NATO isn't coming to the rescue of Ukraine's troops.

NATO's Answer to Putin's Aggression

Marc Champion writes editorials on international affairs. He was previously Istanbul bureau chief for the Wall Street Journal. He was also an editor at the Financial Times, the editor-in-chief of the Moscow Times and a correspondent for the Independent in Washington, the Balkans and Moscow. He is based in London.
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One of the most irritating phrases repeated by Western leaders and diplomats in recent weeks is that the conflict in Ukraine "cannot have a military solution." From U.S. President Barack Obama to German Chancellor Angela Merkel, it is routinely uttered as if it were a self-evident truth.

Yet it is nonsense. There can be a military solution -- for Russia. Certainly Ukraine can't win militarily, because Russia will offer the separatists it backs in the east as much support as they need, while the North Atlantic Treaty Organization won't get involved from the other side. Russian President Vladimir Putin, according to Italy's La Repubblica newspaper, even recently told European Commission President Jose Manuel Barroso: "I can take Kiev in two weeks."

Earlier this year it was only those on the lunatic nationalist fringe in Moscow who talked about taking Kiev. Now it's Putin. This is part of a disturbing pattern. For a long time, only ultranationalists talked about a place called Novorossiya, or New Russia. In April, Putin took that up, and by June the separatists in Ukraine had merged their self-proclaimed republics to found Novorossiya.

So what are the Russian lunatics talking about now? Ethnic cleansing of Ukrainians in Novorossiya, and attacking Poland and the Baltic states. The Kremlin's pet nationalist clown and legislator Vladimir Zhirinovsky spoke of a nuclear strike on those countries to prove that the U.S. would not risk nuclear war to defend Estonia. Most likely, this is rhetoric that Putin would never match, but it is what the U.S., European Union and NATO should be thinking about now. Estonia borders Russia, has a large ethnic Russian minority, and is despised with particular venom by the Kremlin. And yes, demonstrating that NATO would defend Estonia requires "a military solution."

It appears that the NATO summit this week will do two things. First, the alliance is expected to agree to equip bases in Poland and the Baltic states and begin a "persistent rotation" of a few thousand troops through them. That wording amounts to Putin-like double-speak, to get around commitments the alliance made in 1997 not to position permanent bases in eastern Europe.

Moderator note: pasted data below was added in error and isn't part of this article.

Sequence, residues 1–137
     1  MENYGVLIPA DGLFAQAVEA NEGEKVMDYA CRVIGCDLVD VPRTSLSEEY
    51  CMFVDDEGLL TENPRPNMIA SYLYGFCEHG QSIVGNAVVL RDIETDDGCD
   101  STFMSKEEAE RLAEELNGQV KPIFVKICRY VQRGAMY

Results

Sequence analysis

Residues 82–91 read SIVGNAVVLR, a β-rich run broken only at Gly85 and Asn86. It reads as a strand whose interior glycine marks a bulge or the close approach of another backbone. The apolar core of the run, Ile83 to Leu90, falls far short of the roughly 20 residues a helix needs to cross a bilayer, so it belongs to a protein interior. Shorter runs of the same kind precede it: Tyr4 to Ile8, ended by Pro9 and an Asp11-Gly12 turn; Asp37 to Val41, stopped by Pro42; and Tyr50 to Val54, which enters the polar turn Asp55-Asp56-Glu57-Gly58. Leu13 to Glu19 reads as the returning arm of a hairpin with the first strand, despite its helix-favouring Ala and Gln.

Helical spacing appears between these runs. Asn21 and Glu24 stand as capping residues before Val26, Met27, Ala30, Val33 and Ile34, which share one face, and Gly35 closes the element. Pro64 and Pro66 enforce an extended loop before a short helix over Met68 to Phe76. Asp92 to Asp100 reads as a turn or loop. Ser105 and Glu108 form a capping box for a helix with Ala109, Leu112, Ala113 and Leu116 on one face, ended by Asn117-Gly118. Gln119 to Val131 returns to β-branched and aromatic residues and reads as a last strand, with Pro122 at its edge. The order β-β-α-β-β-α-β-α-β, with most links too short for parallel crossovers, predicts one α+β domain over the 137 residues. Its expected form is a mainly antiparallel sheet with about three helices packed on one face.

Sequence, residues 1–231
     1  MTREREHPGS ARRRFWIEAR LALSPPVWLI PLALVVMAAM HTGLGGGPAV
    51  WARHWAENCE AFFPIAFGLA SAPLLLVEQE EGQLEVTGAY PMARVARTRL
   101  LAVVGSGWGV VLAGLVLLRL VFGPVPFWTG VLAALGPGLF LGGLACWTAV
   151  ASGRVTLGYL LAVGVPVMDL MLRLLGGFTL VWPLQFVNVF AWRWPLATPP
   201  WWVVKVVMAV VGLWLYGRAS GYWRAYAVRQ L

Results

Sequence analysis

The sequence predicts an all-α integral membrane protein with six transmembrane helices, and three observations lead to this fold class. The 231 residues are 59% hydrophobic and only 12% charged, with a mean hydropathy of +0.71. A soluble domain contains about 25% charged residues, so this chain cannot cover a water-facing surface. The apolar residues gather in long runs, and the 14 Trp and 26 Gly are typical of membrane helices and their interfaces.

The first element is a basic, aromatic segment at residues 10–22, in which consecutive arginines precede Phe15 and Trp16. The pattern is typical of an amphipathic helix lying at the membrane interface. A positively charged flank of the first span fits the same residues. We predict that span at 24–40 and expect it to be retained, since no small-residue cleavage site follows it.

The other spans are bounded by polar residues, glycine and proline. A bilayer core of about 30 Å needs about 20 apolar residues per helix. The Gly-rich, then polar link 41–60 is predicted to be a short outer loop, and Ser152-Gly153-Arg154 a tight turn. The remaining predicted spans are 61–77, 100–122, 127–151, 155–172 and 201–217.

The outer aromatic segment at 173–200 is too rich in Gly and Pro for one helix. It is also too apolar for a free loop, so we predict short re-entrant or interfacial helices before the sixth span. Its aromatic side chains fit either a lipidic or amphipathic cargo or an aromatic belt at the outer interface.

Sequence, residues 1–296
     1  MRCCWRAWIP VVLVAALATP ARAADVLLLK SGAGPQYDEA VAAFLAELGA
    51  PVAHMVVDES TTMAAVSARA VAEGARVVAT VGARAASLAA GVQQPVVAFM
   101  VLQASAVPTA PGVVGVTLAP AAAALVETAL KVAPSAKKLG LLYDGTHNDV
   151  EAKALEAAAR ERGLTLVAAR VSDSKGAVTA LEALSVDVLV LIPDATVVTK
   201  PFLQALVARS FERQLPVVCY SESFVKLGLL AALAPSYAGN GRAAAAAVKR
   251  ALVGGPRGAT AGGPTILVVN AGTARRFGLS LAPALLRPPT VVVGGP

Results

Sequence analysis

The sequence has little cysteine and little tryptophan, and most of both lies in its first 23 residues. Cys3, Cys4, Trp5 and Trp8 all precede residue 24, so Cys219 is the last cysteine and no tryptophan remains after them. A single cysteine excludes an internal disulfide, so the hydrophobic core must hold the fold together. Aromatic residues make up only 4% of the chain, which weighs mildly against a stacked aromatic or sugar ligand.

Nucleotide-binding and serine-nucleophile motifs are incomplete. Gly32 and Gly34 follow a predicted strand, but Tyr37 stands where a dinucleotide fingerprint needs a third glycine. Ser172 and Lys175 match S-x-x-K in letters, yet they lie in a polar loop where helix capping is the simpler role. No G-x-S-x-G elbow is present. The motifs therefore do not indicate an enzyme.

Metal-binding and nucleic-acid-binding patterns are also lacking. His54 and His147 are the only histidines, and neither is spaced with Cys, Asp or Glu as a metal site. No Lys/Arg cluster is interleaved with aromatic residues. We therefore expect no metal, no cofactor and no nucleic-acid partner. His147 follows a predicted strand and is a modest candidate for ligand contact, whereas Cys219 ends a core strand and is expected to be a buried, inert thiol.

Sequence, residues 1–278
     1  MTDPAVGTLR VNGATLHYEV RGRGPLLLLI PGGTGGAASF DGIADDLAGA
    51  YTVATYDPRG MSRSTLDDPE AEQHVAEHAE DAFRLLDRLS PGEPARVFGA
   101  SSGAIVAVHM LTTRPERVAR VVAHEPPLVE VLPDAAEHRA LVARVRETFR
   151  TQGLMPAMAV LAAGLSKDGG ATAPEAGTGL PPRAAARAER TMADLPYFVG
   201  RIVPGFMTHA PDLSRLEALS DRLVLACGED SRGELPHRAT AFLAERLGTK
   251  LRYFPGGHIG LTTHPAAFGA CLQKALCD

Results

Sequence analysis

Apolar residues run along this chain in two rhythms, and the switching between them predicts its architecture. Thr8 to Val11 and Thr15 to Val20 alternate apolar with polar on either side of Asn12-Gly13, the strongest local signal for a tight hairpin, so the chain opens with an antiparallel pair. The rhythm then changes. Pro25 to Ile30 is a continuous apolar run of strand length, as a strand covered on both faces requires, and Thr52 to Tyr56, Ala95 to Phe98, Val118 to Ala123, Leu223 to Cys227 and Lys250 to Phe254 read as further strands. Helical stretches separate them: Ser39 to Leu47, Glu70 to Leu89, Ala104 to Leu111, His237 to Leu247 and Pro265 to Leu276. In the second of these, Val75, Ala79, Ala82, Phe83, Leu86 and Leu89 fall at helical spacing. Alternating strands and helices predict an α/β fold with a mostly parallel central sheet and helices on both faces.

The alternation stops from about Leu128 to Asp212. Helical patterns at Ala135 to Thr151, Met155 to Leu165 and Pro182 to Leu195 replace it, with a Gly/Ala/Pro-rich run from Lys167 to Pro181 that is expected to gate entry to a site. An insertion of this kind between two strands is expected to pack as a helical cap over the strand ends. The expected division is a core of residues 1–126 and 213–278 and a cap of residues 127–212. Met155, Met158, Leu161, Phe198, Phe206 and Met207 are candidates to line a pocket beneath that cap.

Second, it seems NATO will devote a 10,000-strong rapid reaction force to deploy eastward at short notice.

This would all be good, but it needs to be done in such a way that Putin clearly gets that when it comes to the Baltic states in particular, NATO's commitment is ironclad. If not, he will test it. A NATO failure to defend one of its members would gut the alliance, something Putin would consider a huge victory.

The rotated NATO troops would be merely symbolic, a tripwire that puts NATO troops in harm's way in countries such as Estonia -- tiny, flat and with nowhere to retreat but the sea -- that cannot possibly defend themselves against Russia. There is a precedent: Berlin was impossible to defend during the Cold War, but the presence of U.S. and allied troops was enough to deter the Soviet Union from attacking, for fear of triggering World War III. The nationality of the tripwire troops is therefore important. They should certainly come from the U.S., but also western Europe, and in particular, Germany.

Just as significant, says Pauli Jarvenpaa, a former director general of defense policy at Finland's Defense Ministry, is how well the bases are stocked. It takes time to build depots of fuel, lubricants and facilities to handle heavy tanks that would be needed to defend against a Russian invasion. Estonia's standing army of 3,800 troops (16,000 in the event of a call-up of reserves) would not provide much of a time cushion. So NATO's forward bases should not be provisioned just for the small persistent-rotation force and the slightly larger rapid-reaction troops. To be effective, Jarvenpaa says, "they need to be able to handle more than 10,000 troops." And Putin has to know it.

The U.S. and Europe have chosen not to go to war over Ukraine. If they want to ensure that Putin doesn't test NATO at home, they need to persuade him that there can be "no military solution" for him, should he try. That will take more than speeches and gestures. It will require a military strategy that plans for a defensive war in Estonia.

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